The age pattern observed here—with a moderate post-PCV7 decline in RSV and pneumococcal pneumonia in children aged 3−11 mo but no change in RSV among children aged <3 mo—is somewhat surprising but is consistent with one prior study that showed that PCV7 had limited impact in children aged <3 mo because of higher levels of serotype replacement [25]. Likewise, our finding of a significant decline in pneumococcal septicemia is consistent with studies that detected a decline in invasive pneumococcal disease among neonates [33],[34]. There are several potential explanations for these patterns. First, it is possible that pneumococcal septicemia and pneumococcal pneumonia have different risk factors: the children who get sick with pneumococcal pneumonia might be susceptible to whatever pneumococcus they are exposed to, regardless of serotype, so increases in carriage of non-vaccine serotypes might have a large impact. In contrast, for the children who get sick with pneumococcal septicemia, the specific serotype they are exposed to might be more important, so exposure to the less invasive non-vaccine serotypes might not increase the risk for disease. Additionally, administration of nine-valent PCV in children at 6 and 14 wk of age has been temporally associated with an increased risk of RSV hospitalization [35].

The data used in our analyses end in 2009, just prior to the introduction of PCV13 in the United States. This next-generation pneumococcal vaccine has further decreased the incidence of pneumococcal disease [36]. However, we expect that the interaction between pneumococcus and RSV will still be important. The vaccine has likely changed the distribution of serotypes causing disease in children. However, pneumococcus is still commonly carried among healthy children [37], and recent evidence suggests that RSV directly binds to a conserved pneumococcal surface protein present in all serotypes [15]. Therefore, we expect that RSV will still be associated with increases in the incidence of pneumococcal disease caused by non-vaccine serotypes, even if the overall incidence of pneumococcal disease has declined.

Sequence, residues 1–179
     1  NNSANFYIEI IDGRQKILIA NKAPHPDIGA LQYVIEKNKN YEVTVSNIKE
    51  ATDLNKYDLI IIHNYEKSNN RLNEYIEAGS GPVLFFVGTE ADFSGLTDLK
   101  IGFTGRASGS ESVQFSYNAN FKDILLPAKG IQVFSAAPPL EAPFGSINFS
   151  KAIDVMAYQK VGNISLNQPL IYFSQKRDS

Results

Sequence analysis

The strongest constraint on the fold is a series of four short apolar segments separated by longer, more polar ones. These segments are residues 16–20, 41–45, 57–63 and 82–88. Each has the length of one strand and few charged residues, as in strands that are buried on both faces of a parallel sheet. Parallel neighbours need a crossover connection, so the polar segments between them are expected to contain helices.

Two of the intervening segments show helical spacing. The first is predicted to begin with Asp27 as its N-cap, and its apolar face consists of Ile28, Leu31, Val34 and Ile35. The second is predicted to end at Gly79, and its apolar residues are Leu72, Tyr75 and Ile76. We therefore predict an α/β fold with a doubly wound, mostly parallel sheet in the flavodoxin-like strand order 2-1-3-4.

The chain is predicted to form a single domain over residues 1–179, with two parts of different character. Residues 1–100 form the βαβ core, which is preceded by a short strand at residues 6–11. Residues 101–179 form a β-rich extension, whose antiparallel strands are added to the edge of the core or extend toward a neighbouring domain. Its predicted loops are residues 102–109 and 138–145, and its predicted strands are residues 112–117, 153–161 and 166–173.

It will be necessary to repeat these types of analyses in resource-poor countries to understand the relative importance of co-infections in these settings. The burdens of both RSV and pneumococcal disease are particularly high in resource-poor settings [9],[38]. Bacterial–viral interactions could be particularly important in understanding and quantifying the impacts of vaccines against pneumococcus, which are now being deployed in many resource-poor settings around the world. For instance, studies that focus on pathogen-specific outcomes (e.g., pneumococcal septicemia) will likely underestimate the full impacts of the vaccine. Likewise, future interventions targeting RSV (e.g., maternal immunization) could have secondary effects against pneumococcus or other bacterial pathogens. Understanding the strength of these interactions could help to predict the full impact of an RSV vaccine program.